The New Times (Kigali)

Rwanda: Call for Tougher Measures Against Child Labour

Experts in child labour issues have warned that unless tougher measures are devised to eliminate child labour in the country, which they said is still high, Rwanda's Millennium Development Goal on education will meet hitches.

The experts were speaking at the 2013 Rwanda Child Labour workshop organised by Winrock International and the Government of Rwanda dubbed, "Pathways to Sustainability," which is ongoing in Kigali.

The conference aims at highlighting the success of the local-based US Department of Labour (USDOL) anti-child labour funded project, REACH, and to gather recommendations on how to promote, sustain and scale child labour in the country.

REACH is Rwanda Education Alternatives for Children.

The recommendations will lead to the development of a "Framework of Action for Sustainability of Child Labour Reduction and Prevention in Rwanda."

Chanda Uluca, the International Relations Officer of USDOL, said to successfully eradicate the child labour, there is still need to sustain actions and programmes, including sensitising parents.

Chanda said organisations employing underage children should send them to schools.

USDOL is currently funding a four-year $50m project called Global Action Programme on Child Labour in 38 countries, including Rwanda.

The agriculture sector, especially tea plantation and household chores, remains the major employers of underage children in the country.

Some 11.2 per cent of children, aged between five and 17, engage in economic activities, with 79 per cent of them in agriculture, the 2008 Rwanda National Child Labour survey shows.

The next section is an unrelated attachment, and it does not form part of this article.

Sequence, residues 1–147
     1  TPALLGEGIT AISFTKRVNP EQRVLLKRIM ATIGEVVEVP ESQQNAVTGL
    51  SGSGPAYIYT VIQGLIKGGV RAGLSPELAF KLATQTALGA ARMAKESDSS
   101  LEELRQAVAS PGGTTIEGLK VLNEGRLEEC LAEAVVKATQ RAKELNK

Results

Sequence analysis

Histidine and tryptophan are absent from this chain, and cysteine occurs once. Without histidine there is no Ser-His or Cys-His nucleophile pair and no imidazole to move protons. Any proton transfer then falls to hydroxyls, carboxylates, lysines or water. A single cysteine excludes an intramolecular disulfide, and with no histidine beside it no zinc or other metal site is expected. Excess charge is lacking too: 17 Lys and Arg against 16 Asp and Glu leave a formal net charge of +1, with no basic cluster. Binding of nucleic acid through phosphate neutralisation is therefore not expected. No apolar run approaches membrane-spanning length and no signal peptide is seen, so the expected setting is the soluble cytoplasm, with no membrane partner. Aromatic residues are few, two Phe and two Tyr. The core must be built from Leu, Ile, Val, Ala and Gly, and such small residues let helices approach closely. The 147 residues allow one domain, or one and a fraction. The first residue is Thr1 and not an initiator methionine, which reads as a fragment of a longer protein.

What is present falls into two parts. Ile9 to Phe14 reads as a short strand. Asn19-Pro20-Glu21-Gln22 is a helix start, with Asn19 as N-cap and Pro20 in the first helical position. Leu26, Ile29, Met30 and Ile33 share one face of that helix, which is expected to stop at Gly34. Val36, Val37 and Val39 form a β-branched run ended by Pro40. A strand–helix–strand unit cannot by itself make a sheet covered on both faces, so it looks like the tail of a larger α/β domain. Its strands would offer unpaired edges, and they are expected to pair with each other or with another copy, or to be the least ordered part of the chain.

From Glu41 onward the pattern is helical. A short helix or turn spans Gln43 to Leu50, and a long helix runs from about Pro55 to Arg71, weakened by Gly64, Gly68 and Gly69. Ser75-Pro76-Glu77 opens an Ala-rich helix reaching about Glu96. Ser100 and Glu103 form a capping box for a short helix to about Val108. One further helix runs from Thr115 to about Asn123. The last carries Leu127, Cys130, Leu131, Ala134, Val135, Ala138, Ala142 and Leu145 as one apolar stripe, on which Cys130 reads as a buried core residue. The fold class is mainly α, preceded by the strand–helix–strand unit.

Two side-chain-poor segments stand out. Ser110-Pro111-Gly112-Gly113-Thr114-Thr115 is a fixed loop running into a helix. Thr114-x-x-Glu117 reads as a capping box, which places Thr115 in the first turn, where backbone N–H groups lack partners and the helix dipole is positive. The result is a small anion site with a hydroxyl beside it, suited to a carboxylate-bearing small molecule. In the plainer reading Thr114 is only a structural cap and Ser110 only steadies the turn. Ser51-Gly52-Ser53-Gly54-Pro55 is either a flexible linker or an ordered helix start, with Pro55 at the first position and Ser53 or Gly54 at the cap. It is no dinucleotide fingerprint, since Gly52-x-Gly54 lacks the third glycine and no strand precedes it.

The 'Child Labour in Agriculture' household survey, conducted by ICF international in January last year in the Northern Province, also estimated 183,000 out of 214,000 children (ages seven and older) were involved in agricultural activities.

The REACH project, which started in 2009, also rescued and prevented more than 8,500 children from exploitative labour, 52 per cent of them girls, by giving them education alternatives.

"The 12-Year Basic Education programme is testimony of the government's commitment to combat child labour in the country," Chanda said.

Damien Nzamwita, an expert in child labour issues at the Ministry of Public Service and Labour, said poverty, domestic violence, ignorance by parents, and HIV/Aids remain, the major causes of child labour in the country.

"We are aware that children constitute a big part of the countries development," Anne Mugabo, the director-general of labour in the Labour Ministry, said.

Dr Jean Claude Nkurikiyinka, the REACH project director, said Rwanda is on the right path against the vice, and the success of his organisation is a perfect example showing how possible it is to sustain project actions and contribute to the reduction of child labour in the country.

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